How about other alternatives? Do the specifications of the Canon 30D and the Olympus E-1 place the cameras among the top in their class? Find out in the latest Best DSLR Camera listing whether the two cameras rank among the cream of the crop.

In any case, while the comparison of technical specifications can provide a useful overview of the capabilities of different cameras, it remains partial and cannot reveal, for example, the shooting experience and imaging performance when actually working with the 30D or the E-1. At times, user reviews, such as those published at amazon, address these issues in a useful manner, but such feedback is on many occasions incomplete, inconsistent, and unreliable.

Expert reviews

This is why expert reviews are important. The adjacent summary-table relays the overall verdicts of several of the most popular camera review sites (amateurphotographer [AP], cameralabs [CL], digitalcameraworld [DCW], dpreview [DPR], ephotozine [EPZ], photographyblog [PB]). As can be seen, the professional reviewers agree in many cases on the quality of different cameras, but sometimes their assessments diverge, reinforcing the earlier point that a camera decision is often a very personal choice.

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Expert Camera Reviews
     Camera 
 Model 
 AP 
 score 
 CL 
 score 
 DCW 
 score 
 DPR 
 score 
 EPZ 
 score 
 PB 
 score 
Camera
Launch
Launch
Price (USD)
Street
Price
1.
 
Canon 30D..+ +..+ +o.. Feb 2006 1,399i
2.
 
Olympus E-1......+o.. Jun 2003 1,699i
3.
 
Canon 70D5/5+ +..83/1004.5/55/5 Jul 2013 1,199i
4.
 
Canon 60D5/5+..79/1004/54.5/5 Aug 2010 1,399i
5.
 
Canon 7D5/5+ +..84/1004.5/54.5/5 Sep 2009 1,699i
6.
 
Canon 50D..+ +..+ +4.5/54.5/5 Aug 2008 1,299i
7.
 
Canon 40D..+ +..+ +4.5/54.5/5 Aug 2007 1,299i
8.
 
Canon 400D..+ +..+ +o4/5 Aug 2006 799i
9.
 
Canon 350D..80/100..+ +o.. Feb 2005 899i
10.
 
Canon 20D......+ +.... Aug 2004 1,499i
11.
 
Leica Digilux 3............ Sep 2006 1,499i
12.
 
Nikon D80..+..+ +o4.5/5 Aug 2006 999i
13.
 
Nikon D200..+ +..+ +o.. Nov 2005 1,699i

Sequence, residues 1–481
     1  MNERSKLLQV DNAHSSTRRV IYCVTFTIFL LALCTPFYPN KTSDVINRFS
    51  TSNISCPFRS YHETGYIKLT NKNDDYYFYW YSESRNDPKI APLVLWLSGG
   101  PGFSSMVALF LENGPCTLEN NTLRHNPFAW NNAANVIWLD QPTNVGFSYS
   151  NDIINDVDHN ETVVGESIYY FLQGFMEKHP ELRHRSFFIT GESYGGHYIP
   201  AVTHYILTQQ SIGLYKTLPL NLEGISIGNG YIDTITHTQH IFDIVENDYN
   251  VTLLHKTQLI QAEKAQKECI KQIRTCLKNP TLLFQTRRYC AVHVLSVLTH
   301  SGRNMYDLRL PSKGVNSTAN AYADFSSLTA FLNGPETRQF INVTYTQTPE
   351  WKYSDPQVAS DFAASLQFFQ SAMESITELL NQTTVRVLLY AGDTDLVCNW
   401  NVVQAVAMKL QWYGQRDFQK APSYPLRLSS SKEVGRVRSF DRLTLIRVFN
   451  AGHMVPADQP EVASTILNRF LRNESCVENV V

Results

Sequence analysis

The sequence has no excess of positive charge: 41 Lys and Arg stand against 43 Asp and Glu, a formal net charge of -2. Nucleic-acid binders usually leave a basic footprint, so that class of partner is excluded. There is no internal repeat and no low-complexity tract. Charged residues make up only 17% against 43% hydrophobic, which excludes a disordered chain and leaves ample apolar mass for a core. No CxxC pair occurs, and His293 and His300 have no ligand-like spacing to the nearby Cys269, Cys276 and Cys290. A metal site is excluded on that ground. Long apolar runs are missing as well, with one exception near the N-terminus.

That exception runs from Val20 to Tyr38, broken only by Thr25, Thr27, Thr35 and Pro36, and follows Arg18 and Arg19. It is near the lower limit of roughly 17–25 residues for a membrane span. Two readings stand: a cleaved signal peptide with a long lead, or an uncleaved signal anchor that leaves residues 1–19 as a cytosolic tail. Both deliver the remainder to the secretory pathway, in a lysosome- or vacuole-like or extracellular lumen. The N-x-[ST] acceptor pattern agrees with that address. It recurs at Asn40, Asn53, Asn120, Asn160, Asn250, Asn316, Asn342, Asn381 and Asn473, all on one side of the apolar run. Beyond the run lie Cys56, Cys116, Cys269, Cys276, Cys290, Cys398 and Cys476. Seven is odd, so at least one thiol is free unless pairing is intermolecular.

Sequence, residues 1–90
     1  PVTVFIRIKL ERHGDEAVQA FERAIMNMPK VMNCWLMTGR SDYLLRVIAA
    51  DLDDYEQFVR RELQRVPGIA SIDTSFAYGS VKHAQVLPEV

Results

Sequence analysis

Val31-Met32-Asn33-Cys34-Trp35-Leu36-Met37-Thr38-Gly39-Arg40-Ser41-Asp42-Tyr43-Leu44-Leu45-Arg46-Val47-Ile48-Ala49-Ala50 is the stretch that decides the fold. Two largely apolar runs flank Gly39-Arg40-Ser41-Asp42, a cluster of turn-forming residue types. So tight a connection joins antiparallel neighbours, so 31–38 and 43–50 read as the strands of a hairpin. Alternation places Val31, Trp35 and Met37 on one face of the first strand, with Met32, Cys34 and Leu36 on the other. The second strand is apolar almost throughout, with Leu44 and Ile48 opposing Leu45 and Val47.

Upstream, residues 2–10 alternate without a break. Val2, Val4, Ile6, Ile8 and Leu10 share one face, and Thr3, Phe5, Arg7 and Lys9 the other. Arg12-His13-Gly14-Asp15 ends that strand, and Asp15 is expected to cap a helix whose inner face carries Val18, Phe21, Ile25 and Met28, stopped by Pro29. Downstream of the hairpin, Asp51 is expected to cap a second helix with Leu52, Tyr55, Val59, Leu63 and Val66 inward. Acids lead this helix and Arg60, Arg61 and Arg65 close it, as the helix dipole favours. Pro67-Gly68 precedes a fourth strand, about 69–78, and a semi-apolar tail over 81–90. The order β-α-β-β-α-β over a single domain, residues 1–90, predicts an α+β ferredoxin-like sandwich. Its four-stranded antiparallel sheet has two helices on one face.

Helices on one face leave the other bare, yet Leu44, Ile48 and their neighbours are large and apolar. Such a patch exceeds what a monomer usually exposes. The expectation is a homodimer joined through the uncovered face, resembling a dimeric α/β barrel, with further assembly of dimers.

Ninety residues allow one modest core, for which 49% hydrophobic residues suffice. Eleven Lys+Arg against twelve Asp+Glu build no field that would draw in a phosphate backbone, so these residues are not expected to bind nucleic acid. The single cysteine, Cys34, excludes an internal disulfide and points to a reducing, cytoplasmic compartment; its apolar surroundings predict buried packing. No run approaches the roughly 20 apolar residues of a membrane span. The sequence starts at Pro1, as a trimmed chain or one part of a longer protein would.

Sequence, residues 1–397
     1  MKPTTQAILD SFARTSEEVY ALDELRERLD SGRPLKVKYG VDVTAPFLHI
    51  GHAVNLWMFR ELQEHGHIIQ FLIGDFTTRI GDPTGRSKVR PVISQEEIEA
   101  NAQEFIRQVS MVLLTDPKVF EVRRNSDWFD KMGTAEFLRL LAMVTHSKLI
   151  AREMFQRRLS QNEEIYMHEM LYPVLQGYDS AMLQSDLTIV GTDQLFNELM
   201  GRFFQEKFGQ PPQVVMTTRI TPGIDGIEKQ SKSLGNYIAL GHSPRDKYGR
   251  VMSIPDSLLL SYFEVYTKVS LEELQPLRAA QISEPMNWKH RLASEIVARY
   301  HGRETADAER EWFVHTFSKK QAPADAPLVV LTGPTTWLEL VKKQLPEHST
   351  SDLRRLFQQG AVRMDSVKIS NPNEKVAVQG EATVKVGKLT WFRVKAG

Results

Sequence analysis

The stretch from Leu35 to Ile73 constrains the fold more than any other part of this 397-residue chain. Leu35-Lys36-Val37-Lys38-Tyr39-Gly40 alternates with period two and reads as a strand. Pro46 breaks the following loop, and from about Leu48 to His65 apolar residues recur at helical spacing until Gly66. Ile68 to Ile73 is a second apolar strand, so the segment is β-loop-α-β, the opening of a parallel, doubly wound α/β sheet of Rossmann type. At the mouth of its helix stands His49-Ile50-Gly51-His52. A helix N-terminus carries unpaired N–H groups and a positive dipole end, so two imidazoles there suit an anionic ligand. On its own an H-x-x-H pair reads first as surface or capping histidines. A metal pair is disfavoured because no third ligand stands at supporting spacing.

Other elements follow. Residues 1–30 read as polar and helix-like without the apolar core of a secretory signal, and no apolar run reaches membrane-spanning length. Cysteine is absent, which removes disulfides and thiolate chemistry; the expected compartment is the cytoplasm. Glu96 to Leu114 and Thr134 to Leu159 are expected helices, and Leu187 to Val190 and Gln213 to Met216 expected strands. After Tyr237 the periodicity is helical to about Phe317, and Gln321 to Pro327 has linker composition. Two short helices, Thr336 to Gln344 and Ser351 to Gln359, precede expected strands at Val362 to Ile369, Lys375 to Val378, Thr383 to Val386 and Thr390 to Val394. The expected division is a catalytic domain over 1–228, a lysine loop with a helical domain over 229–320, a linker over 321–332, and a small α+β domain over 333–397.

14.
 
Olympus E-54/5....75/1004/54.5/5 Sep 2010 1,699i
15.
 
Olympus E-3..88/100..+ +o4/5 Oct 2007 1,699i
16.
 
Olympus E-330......+o.. Jan 2006 999i
17.
 
Olympus E-300......+o4.5/5 Sep 2004 799i
Notes: (+ +) highly recommended; (+) recommended; (o) reviewed; (..) not available.

The review scores listed above should be treated with care, though. The ratings were established in reference to similarly priced cameras that were available in the market at the time of the review. Hence, a score should always be seen in the context of the camera's market launch date and its price, and comparisons of ratings among very different cameras or across long time periods have little meaning. Also, please note that some of the review sites have changed their methodology and reporting over time.

Canon 30D:
Check Ebay offers
Olympus E-1:
Check Ebay offers

Other camera comparisons

Did this review help to inform your camera decision process? In case you would like to check on the differences and similarities of other camera models, just use the search menu below. As an alternative, you can also directly jump to any one of the listed comparisons that were previously generated by the CAM-parator tool.

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    Specifications: Canon 30D vs Olympus E-1

    Below is a side-by-side comparison of the specs of the two cameras to facilitate a quick review of their differences and common features.

    Camera Specifications
    Camera Model Canon 30D Olympus E-1
    Camera Type Digital single lens reflex Digital single lens reflex
    Camera Lens Canon EF mount lenses Four Thirds lenses
    Launch Date February 2006 June 2003
    Launch Price USD 1,399 USD 1,699
    Sensor Specs Canon 30D Olympus E-1
    Sensor Technology CMOS CCD
    Sensor Format APS-C Sensor Four Thirds Sensor
    Sensor Size 22.5 x 15.0 mm 17.3 x 13.0 mm
    Sensor Area 337.5 mm2 224.9 mm2
    Sensor Diagonal 27 mm 21.6 mm
    Crop Factor 1.6x 2.0x
    Sensor Resolution 8.2 Megapixels 4.9 Megapixels
    Image Resolution 3504 x 2336 pixels 2560 x 1920 pixels
    Pixel Pitch 6.42 μm 6.78 μm
    Pixel Density 2.43 MP/cm2 2.19 MP/cm2
    Moiré control Anti-Alias filter Anti-Alias filter
    Movie Capability no Video no Video
    ISO Setting 100 - 1,600 ISO 100 - 800 ISO
    ISO Boost 100 - 3,200 ISO 100 - 3,200 ISO
    Image Processor DIGIC 2 TruePic
    DXO Sensor Quality (score) 59 ..
    DXO Color Depth (bits) 21.5 ..
    DXO Dynamic Range (EV) 10.8 ..
    DXO Low Light (ISO) 736 ..
    Screen Specs Canon 30D Olympus E-1
    Viewfinder Type Optical viewfinder Optical viewfinder
    Viewfinder Field of View 95% 100%
    Viewfinder Magnification 0.56x 0.48x
    Top-Level Screen Control Panel Control Panel
    Rear LCD Size 2.5inch 1.8inch
    LCD Resolution 230k dots 134k dots
    LCD Attachment Fixed screen Fixed screen
    Shooting Specs Canon 30D Olympus E-1
    Focus System Phase-detect AF Phase-detect AF
    Continuous Shooting 5 shutter flaps/s 3 shutter flaps/s
    Shutter Life Expectancy100 000 actuations150 000 actuations
    Fill Flash Built-in Flash no On-Board Flash
    Storage Medium CF cards CF or XD cards
    Second Storage Option Single card slot Dual card slots
    Connectivity Specs Canon 30D Olympus E-1
    External Flash Hotshoe Hotshoe
    Studio Flash PC Sync socket PC Sync socket
    USB Connector USB 2.0 USB 2.0
    HDMI Port no HDMI no HDMI
    Wifi Support no Wifi no Wifi
    Body Specs Canon 30D Olympus E-1
    Environmental Sealingnot weather sealedWeathersealed body
    Battery Type BP-511A BLM-1
    Battery Life (CIPA)750 shots per charge750 shots per charge
    Body Dimensions 144 x 106 x 74 mm
    (5.7 x 4.2 x 2.9 in)
    141 x 104 x 81 mm
    (5.6 x 4.1 x 3.2 in)
    Camera Weight 785 g (27.7 oz) 738 g (26.0 oz)